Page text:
plot(x, y, log="xy", type="n")

errorbar(x, xlo, xup, y, ylo, yup)

?plot gives more info on plotting options (as does ?par). To use different line colours, styles, thicknesses & errorbar types for different points:

errorbar(x, xlo, xup, y, ylo, yup, col=rainbow(length(x)), lty=1:5,

lwd=1:3)


Using r in astronomy

Plotting a function or equation

curve(x^2, from=1, to=100) # Plot a function over a given range

curve(x^2, from=1, to=100, log="xy") # With log-log axes

Plot chi-squared probability vs. reduced chi-squared for 10 and then 100 degrees of freedom

dof <- 10

curve(pchisq(x*dof,df=dof), from=0.1, to=3, xlab="Reduced chi-squared",

ylab="Chi-sq distribution function")

abline(v=1, lty=2, col="blue") # Plot dashed line for reduced chisq=1

dof <- 100

curve(pchisq(x*dof, df=dof), from=0.1, to=3, xlab="Reduced chi-squared",

ylab="Chi-sq distribution function")

abline(v=1, lty=2, col="blue") # Plot dashed line for reduced chisq=1


Using r in astronomy

Define & plot custom function:

myfun <- function(x) x^3 + log(x)*sin(x)

#--Plot dotted (lty=3) red line, with 3x normal line width (lwd=3):

curve(myfun, from=1, to=10, lty=3, col="red", lwd=3)

#--Add a legend, inset slightly from top left of plot:

legend("topleft", inset=0.05, "My function", lty=3, lwd=3, col="red")

Plotting maths symbols:

demo(plotmath) # Shows a demonstration of many examples

?plotmath # Manual page with more information


Using r in astronomy

Analysis


Using r in astronomy

Basic stuff

x <- rnorm(100) # Create 100 Gaussian-distributed random numbers

hist(x) # Plot histogram of x

summary(x) # Some basic statistical info

d <- density(x) # Compute kernel density estimate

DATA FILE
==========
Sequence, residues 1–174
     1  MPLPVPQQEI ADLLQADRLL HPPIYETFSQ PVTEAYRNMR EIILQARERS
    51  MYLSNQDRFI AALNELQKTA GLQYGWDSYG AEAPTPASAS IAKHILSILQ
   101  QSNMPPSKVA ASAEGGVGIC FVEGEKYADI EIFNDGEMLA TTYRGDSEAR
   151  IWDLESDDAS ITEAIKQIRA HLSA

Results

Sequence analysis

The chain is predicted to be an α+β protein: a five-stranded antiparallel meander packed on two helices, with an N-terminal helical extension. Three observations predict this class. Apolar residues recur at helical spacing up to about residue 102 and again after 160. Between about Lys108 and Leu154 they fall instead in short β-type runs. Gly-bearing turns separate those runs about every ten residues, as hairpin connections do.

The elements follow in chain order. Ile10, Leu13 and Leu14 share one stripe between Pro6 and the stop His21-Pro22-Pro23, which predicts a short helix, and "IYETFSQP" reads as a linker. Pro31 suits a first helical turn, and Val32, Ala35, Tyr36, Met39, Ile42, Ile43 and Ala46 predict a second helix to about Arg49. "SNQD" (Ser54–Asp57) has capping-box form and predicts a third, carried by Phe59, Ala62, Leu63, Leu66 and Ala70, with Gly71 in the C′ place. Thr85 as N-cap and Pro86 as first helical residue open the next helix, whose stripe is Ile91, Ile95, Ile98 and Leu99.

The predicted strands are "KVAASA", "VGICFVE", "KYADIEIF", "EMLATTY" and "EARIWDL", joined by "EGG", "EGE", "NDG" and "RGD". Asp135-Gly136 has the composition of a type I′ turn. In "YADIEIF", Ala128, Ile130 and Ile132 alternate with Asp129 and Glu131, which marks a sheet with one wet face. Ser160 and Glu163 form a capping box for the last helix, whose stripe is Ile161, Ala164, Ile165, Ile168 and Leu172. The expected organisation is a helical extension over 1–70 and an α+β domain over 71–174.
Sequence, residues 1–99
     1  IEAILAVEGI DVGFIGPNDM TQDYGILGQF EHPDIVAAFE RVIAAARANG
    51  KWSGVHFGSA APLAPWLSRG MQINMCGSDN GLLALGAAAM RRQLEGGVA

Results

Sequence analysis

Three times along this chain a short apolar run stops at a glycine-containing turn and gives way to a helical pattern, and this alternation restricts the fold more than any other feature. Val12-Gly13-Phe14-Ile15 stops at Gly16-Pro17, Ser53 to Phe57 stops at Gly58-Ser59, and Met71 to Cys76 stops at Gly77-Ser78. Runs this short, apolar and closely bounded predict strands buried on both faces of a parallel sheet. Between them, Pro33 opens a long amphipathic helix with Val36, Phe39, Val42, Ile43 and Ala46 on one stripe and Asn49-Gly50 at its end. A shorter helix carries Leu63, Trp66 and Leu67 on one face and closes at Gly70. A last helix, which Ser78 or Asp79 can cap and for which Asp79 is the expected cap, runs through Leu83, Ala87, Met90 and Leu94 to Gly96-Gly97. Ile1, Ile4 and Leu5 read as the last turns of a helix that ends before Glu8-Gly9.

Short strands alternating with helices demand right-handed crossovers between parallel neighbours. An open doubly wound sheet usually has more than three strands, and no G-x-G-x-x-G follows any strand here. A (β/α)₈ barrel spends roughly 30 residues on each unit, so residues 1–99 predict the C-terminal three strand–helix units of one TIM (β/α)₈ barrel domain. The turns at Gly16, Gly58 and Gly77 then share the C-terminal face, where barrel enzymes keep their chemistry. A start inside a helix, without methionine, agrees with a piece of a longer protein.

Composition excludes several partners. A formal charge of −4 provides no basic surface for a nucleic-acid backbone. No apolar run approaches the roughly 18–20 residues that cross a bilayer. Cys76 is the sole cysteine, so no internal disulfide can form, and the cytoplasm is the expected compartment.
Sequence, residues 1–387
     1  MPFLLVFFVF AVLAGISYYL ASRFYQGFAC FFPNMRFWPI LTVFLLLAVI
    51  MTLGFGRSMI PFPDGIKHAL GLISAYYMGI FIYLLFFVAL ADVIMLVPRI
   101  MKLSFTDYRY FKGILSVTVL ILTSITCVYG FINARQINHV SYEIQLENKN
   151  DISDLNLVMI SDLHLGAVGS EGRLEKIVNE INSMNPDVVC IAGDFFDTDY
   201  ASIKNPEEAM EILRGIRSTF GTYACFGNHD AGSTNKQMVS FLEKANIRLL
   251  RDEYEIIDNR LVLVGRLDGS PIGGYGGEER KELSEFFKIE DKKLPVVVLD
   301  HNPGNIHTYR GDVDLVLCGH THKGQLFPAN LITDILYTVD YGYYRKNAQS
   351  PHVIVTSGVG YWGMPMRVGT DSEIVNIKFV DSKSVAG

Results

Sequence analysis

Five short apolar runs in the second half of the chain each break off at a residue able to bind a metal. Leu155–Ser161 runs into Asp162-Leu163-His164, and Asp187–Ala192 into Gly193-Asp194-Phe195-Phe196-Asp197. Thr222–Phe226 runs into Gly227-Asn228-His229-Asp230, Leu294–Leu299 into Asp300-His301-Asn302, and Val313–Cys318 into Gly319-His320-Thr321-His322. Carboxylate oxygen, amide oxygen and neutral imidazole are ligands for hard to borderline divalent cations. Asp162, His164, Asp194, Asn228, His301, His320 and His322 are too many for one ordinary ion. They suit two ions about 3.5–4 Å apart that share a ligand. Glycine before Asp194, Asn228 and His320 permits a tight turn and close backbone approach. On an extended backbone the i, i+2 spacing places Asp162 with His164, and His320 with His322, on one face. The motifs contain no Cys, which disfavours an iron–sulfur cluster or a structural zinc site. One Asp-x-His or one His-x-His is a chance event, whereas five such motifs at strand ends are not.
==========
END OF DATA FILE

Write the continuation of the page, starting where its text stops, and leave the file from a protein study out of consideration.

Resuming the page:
d # Print info on density analysis ("?density" for details)

plot(d) # Plot density curve for x

plot(density(x)) # Plot density curve directly

Plot histogram in terms of probability & also overlay density plot:

hist(x, probability=T)

lines(density(x), col="red") # overlay smoothed density curve

#--Standard stuff:

mean(x); median(x); max(x); min(x); sum(x); weighted.mean(x)

sd(x) # Standard deviation

var(x) # Variance

mad(x) # median absolute deviation (robust sd)


Using r in astronomy

Testing the robustness of statisical estimators

?replicate # Repeatedly evaluate an expression

Calculate standard deviation of 100 Gaussian-distributed random numbers (NB default sd is 1; can specify with rnorm(100, sd=3) or whatever)

sd(rnorm(100))

Now, let's run N=5 Monte Carlo simulations of the above test:

replicate(5, sd(rnorm(100)))

and then compute the mean of the N=5 values:

mean(replicate(5, sd(rnorm(100))))


Using r in astronomy

Obviously 5 is rather small for a number of MC sims (repeat the above command & see how the answer fluctuates). Let's try 10,000 instead:

mean(replicate(1e4, sd(rnorm(100))))

With a sample size of 100, the measured sd closely matches the actual value used to create the random data (sd=1). However, see what happens when the sample size decreases:

mean(replicate(1e4, sd(rnorm(10)))) # almost a 3% bias low